Psionics Augmented, as a series, has been a somewhat uneven experience for me; There are some aspects in the books that I had to nerf in my games, that point towards a higher-powered playstyle as the core target demographics of the books. It was always my contention that a good engine can carry either...but in the end, PA: Soulknives suckered me in. I should have bashed that one at least a bit, but couldn't bring myself to do it, because the playing experience was too cool. Still, I couldn't help but ramble on about suggested modifications etc. and expected, to some degree, to see that as a kind of leitmotif from now on.

I was wrong.

The Living Legend is one of the most compelling archetypes I have ever read. I completely rewires the soulknife, even beyond what PA: Soulknives offered...and goes one step further. It understands the design paradigm, the emphasis on ROLEplaying Occult Adventures championed and sacrifices nothing of Dreamscarred Press' crunch complexity or precision. The living legend, even in the hands of a novice, is a powerful, rewarding playing experience, though one that will not even break 15-pt-buy games while still working in high-powered high fantasy/psionics/point-buy environments. Beyond the system's complexity and rewarding nature, the expertly woven fluff of the archetype adds to the option immensely. I want to play this guy. In short: Excellent mastery of crunch and fluff, anathema to cookie-cutter, bland designs and wholly new concepts galore. If this is what we can expect of Dreamscarred Press taking on the Occult, consider me utterly stoked for more!

Congratulations to lead designer Forrest Heck and Kevin Ryan, Doug Haworth and Adam Boucher - this is one excellent supplement and the first Psionics Augmented-book I can unanimously recommend, sans any sense of hesitation. 5 stars + seal of approval...and just short of being a candidate for my Top Ten due to the scarce few minor hiccups.

Seriously, get this...and write the legends of your characters!

Endzeitgeist out.

A smug face for a reason


The Living Legend gives a lot, and it takes a lot. There's very little art, but the sitting image of the iconic in the middle is quite a good one - and also much less smug.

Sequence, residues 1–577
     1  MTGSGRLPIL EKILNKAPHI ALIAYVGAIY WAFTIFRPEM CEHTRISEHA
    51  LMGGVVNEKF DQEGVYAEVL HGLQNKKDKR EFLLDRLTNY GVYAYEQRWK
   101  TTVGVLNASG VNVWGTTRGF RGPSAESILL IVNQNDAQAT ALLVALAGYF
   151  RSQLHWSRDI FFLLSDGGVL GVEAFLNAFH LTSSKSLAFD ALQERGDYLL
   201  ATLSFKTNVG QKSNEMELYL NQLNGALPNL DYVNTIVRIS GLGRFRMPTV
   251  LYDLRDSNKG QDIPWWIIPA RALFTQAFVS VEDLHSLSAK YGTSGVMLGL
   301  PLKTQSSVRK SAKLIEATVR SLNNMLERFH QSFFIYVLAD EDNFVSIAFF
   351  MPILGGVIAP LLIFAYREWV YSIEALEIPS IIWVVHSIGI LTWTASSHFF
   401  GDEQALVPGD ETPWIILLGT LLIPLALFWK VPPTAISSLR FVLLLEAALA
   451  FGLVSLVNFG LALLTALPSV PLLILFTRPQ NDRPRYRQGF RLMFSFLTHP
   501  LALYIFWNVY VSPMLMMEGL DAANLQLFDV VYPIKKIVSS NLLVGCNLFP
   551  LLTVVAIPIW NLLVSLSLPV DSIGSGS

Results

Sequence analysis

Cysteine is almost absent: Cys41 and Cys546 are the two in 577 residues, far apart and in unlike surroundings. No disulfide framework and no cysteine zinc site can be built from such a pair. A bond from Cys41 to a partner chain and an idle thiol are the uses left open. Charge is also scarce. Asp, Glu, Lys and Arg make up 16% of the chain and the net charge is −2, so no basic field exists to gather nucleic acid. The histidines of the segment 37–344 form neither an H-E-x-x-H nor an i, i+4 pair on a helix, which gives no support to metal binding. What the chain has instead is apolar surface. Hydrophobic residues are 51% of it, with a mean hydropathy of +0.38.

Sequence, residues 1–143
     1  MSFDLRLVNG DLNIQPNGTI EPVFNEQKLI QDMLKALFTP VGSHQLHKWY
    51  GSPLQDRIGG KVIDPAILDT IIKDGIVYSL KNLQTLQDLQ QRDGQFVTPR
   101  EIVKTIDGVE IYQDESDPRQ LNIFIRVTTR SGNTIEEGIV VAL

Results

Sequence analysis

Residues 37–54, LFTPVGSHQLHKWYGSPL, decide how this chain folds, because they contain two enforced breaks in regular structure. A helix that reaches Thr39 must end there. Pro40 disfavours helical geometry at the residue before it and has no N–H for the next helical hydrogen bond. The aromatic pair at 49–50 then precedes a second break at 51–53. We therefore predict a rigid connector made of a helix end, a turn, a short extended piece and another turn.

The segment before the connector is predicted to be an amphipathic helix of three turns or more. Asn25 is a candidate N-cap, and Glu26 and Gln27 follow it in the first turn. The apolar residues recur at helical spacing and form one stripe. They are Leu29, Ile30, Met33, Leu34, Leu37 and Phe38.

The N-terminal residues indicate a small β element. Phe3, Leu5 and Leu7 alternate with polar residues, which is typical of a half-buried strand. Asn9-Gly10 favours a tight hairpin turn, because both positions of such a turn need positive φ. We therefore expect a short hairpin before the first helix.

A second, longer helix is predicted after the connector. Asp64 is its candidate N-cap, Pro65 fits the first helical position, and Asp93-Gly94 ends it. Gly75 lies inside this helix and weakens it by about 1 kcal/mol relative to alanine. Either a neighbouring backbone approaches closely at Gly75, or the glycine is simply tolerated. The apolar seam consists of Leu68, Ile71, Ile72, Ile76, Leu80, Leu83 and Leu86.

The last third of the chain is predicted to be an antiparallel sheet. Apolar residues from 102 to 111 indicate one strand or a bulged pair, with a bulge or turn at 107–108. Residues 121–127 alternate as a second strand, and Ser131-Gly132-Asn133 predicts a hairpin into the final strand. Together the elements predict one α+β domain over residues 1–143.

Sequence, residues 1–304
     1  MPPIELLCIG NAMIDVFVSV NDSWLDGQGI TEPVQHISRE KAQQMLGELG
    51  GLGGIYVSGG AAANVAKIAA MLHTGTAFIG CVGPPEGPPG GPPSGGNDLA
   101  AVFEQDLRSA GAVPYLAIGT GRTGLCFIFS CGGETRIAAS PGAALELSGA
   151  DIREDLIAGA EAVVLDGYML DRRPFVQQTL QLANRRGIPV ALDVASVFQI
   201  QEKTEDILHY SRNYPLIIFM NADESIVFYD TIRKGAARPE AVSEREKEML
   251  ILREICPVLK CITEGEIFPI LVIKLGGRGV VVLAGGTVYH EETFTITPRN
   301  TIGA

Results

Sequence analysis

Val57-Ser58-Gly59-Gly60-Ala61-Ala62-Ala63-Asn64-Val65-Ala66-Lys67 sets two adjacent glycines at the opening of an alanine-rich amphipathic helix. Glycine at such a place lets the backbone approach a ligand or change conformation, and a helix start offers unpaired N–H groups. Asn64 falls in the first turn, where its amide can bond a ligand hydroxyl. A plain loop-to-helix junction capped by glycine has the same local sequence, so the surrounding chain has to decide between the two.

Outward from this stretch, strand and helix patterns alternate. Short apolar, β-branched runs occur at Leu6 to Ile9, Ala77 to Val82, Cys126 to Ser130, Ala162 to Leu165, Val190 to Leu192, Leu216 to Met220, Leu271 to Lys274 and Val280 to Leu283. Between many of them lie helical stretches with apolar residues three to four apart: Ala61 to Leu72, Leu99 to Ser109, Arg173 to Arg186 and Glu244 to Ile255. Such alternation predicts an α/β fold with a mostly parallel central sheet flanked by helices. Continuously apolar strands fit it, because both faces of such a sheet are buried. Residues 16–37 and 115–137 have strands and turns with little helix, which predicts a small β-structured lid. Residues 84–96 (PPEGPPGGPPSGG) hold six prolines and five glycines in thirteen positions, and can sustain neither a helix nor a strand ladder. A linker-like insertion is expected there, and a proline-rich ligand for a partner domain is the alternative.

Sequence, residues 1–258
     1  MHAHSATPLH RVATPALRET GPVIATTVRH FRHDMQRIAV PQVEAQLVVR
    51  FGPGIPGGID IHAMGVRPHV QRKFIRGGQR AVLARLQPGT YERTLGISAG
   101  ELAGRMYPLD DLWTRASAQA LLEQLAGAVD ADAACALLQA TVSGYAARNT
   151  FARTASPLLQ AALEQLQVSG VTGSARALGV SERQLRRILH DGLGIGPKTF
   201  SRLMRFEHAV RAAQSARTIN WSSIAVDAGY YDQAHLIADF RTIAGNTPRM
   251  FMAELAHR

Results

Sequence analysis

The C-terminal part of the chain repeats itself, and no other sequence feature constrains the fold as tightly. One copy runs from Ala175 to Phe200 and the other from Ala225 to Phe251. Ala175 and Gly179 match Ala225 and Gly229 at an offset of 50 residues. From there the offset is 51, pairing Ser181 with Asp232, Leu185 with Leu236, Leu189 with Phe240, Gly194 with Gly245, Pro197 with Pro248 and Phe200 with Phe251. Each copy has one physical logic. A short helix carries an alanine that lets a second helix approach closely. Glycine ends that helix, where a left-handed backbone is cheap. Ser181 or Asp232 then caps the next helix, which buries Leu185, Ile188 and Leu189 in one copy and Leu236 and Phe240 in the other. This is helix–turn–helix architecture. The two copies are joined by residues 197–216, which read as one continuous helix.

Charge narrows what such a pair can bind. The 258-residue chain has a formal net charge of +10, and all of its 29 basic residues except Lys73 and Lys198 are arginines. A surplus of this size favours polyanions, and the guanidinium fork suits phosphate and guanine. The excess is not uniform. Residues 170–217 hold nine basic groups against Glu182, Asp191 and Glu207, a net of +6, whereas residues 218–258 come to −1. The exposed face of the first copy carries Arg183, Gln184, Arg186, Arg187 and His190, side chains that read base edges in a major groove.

Fluffwise, some folks may love it or leave it; it's an 'occult' archetype, inviting basic concepts of "adventurers" into itself in the 'default' idea: Not as invested as a Den-O or the Spiritualist class, but easy to refluff as mimics, method-actors, charlatans, or someone who just can't pick their bloody class.

As an Archetype, the Living Legend leaves little unaffected; this unfortunately leaves it incompatible with the grand majority of other archetypes. Luckily it can hold its own out of the box, base soulknife this is not.

Important to note the 'High Psionics' sidebar: Soulknives are now generally assumed/recommended to get their 4th-level Gifted Blade manifester progression without the Psychic-Strike removal of the archetype.

Living Legends are an Intelligence-based Archetype, replacing wisdom in everything. The archetype offers seven roles; each with its own weapon to choose the enchantments of, and can pick any two every day. New bladeskills also make their appearance of course, and each role has one that -- while it does not require one to be in this role -- is greatly enhanced when used while in said role. Each Role is a very vague and generic 'type' of character, basically what you might get if you asked a bunch of commoners in a bar what they believe the role to be.

Quick Role Descriptions:

The Archmage is a ranged blaster with bonuses to Int skills, checks and extra boons from knowledge. Flashy booms, knows all the monsters, a better basic soulbolt, more or less.

The Champion is a melee combatant with a bit of combat maneuver boons, mobility, "hitting things dead" and bonuses to Strength skills and ability checks too.

Guardians have no Skill-boost, instead boasting a free pile of stackable Temporary HP they can replenish and reset whenever they refocus, improved reach (without a dead-zone), a shield bonus, DR, resistances, and a few ways of protecting or taking the hit for their allies.